Tortilla maker has a valuable partner at Carolina
Adapted from an article for Endeavors, UNC’s online research magazine,
by Alyssa LaFaro
It’s 3 o’clock on a Monday morn- ing. Sweet-smelling steam wafts through a large warehouse in St. Pauls, just south of Fayetteville. A vat full of golden kernels bubbles while a nearby machine smashes
two stones together, grinding freshly
cooked corn into putty. Across the warehouse, the sound of whirring machinery
signals the start of a conveyer belt.
Hundreds upon hundreds of nearly
perfect circles shoot down a production
line that transforms them into hot tortillas.
Workers stack and
pack them into
boxes, which will be
loaded into trucks
and shipped out
within a few hours.
By 9 that morning,
people are buying
them at local Hispanic markets.
In the U.S.,
tortillas — both
corn and flour
— outsold white
sandwich bread in
2010, according to
the industry’s trade
years prior to that,
American households consumed more salsa
than ketchup. In 2014, tortilla chips grossed
$1.3 billion. Traditional Mexican fare has
become a staple in U.S. households — a
fact that, in part, stems from the country’s
growing Mexican-American population,
now 64 percent of the entire Hispanic
Enrique Elizondo recognized the start of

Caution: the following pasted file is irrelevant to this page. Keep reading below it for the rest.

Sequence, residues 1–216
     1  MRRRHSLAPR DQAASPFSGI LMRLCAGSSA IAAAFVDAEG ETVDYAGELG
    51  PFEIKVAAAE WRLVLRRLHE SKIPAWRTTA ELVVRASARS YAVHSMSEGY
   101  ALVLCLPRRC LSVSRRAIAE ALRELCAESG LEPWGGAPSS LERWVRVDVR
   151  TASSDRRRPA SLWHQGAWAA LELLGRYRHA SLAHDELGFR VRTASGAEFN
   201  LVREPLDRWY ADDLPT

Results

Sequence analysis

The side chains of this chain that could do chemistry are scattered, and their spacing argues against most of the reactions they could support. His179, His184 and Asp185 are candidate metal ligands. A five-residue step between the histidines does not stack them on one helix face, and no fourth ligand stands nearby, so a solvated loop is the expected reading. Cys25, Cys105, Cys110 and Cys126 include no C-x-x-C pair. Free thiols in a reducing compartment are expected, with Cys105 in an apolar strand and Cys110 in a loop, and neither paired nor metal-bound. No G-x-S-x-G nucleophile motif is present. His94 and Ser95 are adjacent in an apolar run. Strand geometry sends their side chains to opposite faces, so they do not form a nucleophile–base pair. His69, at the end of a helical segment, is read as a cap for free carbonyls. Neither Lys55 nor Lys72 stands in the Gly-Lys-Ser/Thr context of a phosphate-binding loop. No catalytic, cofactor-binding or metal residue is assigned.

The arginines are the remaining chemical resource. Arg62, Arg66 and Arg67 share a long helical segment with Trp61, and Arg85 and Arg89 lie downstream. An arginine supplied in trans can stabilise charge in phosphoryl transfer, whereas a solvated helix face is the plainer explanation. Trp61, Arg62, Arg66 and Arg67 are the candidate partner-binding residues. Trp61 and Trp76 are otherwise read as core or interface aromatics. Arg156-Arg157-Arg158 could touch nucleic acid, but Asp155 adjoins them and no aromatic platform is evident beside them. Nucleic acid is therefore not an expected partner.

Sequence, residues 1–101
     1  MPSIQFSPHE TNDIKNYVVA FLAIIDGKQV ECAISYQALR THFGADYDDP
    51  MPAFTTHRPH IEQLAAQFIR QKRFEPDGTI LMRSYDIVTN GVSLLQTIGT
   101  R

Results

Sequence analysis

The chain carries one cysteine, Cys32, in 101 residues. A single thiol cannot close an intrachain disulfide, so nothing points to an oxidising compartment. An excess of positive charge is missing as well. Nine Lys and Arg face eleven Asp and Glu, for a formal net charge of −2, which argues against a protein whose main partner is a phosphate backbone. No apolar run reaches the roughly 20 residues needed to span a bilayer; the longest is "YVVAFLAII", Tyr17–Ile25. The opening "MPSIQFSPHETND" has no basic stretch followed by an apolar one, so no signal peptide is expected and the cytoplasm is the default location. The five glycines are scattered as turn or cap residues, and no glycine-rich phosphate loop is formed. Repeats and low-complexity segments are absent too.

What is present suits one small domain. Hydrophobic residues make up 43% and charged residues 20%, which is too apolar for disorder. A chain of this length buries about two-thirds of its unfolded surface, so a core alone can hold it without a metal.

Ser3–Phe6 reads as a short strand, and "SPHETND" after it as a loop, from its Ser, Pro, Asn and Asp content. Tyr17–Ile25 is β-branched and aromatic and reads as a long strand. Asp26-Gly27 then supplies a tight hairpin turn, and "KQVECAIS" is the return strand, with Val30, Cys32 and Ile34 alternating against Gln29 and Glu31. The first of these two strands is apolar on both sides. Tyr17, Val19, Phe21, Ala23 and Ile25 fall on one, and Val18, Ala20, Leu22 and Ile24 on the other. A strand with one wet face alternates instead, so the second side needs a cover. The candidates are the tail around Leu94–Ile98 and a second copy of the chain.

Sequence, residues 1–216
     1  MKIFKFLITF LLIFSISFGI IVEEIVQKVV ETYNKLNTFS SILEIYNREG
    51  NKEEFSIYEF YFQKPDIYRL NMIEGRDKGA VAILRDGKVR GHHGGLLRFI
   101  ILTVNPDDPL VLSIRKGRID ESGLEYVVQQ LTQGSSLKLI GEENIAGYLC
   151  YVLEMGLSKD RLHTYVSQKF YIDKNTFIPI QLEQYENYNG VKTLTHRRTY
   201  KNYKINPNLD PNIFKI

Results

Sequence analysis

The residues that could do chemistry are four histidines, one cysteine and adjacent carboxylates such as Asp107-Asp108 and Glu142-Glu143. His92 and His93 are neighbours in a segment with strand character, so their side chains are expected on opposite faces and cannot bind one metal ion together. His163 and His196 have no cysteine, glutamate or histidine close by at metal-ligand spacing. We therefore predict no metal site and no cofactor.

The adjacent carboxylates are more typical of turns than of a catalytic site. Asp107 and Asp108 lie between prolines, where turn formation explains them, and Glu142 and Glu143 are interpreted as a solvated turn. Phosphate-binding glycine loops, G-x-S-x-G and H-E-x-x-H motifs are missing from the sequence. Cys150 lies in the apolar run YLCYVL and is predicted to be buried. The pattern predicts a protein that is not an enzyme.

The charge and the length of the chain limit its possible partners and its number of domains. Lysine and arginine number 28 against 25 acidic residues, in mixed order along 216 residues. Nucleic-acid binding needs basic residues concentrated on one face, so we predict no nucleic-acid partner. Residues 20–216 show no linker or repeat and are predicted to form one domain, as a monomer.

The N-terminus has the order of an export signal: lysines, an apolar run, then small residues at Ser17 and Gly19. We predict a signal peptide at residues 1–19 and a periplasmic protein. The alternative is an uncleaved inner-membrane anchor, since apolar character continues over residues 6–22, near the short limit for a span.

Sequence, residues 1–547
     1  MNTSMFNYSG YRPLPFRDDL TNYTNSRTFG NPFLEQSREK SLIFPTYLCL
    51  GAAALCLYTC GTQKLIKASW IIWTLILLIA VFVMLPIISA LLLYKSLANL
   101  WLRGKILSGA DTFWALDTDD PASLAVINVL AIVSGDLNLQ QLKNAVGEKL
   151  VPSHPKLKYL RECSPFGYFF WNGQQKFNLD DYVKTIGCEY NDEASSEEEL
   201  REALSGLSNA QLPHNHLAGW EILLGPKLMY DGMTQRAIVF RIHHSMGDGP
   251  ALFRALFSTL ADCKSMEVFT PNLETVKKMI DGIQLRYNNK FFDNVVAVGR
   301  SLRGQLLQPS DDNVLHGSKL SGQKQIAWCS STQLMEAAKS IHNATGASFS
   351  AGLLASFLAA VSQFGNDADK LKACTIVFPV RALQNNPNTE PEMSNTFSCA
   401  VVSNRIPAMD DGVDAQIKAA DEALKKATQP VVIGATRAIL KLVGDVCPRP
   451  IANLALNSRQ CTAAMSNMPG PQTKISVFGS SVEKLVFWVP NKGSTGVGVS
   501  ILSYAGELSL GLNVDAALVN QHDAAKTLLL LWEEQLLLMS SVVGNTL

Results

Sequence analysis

these trends about 12 years ago, so in 2007,
he left his production manager job with
Tyson Foods and founded Tortillas Carolina
in Clinton — which more recently gained
the assistance of UNC students and staff
with its business planning.
Elizondo began the business with a small
Mexican tortilla machine that produced
about 1,500 pounds of tortillas per week.
Another machine, a warehouse and a
decade later, he’s producing 25,000 pounds
of corn products each week.
“But we have the space, the machines
and the demand to produce 120,000
pounds,” he said. “I want to be doing that
this spring. I’m ready to grow.” At present,
tortillas, corn chips
and hot tortillas for
market chains and
in North Carolina
and South Carolina.
Elizondo is ready
to expand his reach
a niche market —
not only in North
Carolina but across
the Southeast,” said
Ben Holmes ’ 17
(MBA). “There’s a real demand for the
products, one of their greatest competitive
advantages being that they’re made with
local North Carolina corn.”
This spring semester, Holmes traveled
back and forth to Tortillas Carolina,
now based in St. Pauls, as part of his
work with NCGrowth — an affiliate of
the Frank Hawkins Kenan Institute of
Private Enterprise that helps businesses
and communities create equitable and
sustainable opportunities for their people.
is ground with
stones made of
volcanic rock, as
the Aztecs did.